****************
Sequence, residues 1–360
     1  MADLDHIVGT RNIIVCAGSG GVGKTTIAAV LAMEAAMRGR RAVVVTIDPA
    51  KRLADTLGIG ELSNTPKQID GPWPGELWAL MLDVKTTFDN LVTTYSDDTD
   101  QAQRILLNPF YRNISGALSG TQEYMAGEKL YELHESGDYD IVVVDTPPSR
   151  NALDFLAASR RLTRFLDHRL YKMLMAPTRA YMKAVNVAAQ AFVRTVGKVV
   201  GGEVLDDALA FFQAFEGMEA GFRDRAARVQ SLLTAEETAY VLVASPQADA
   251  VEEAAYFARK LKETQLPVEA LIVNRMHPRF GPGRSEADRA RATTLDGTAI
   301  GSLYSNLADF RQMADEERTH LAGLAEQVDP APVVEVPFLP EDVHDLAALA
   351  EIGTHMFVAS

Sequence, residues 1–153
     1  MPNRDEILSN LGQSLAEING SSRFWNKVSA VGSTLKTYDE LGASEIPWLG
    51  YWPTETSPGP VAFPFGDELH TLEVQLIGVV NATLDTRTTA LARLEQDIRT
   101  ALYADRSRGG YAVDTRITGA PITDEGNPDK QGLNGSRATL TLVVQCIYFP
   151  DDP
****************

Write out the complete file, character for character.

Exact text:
Sequence, residues 1–360
     1  MADLDHIVGT RNIIVCAGSG GVGKTTIAAV LAMEAAMRGR RAVVVTIDPA
    51  KRLADTLGIG ELSNTPKQID GPWPGELWAL MLDVKTTFDN LVTTYSDDTD
   101  QAQRILLNPF YRNISGALSG TQEYMAGEKL YELHESGDYD IVVVDTPPSR
   151  NALDFLAASR RLTRFLDHRL YKMLMAPTRA YMKAVNVAAQ AFVRTVGKVV
   201  GGEVLDDALA FFQAFEGMEA GFRDRAARVQ SLLTAEETAY VLVASPQADA
   251  VEEAAYFARK LKETQLPVEA LIVNRMHPRF GPGRSEADRA RATTLDGTAI
   301  GSLYSNLADF RQMADEERTH LAGLAEQVDP APVVEVPFLP EDVHDLAALA
   351  EIGTHMFVAS

Sequence, residues 1–153
     1  MPNRDEILSN LGQSLAEING SSRFWNKVSA VGSTLKTYDE LGASEIPWLG
    51  YWPTETSPGP VAFPFGDELH TLEVQLIGVV NATLDTRTTA LARLEQDIRT
   101  ALYADRSRGG YAVDTRITGA PITDEGNPDK QGLNGSRATL TLVVQCIYFP
   151  DDP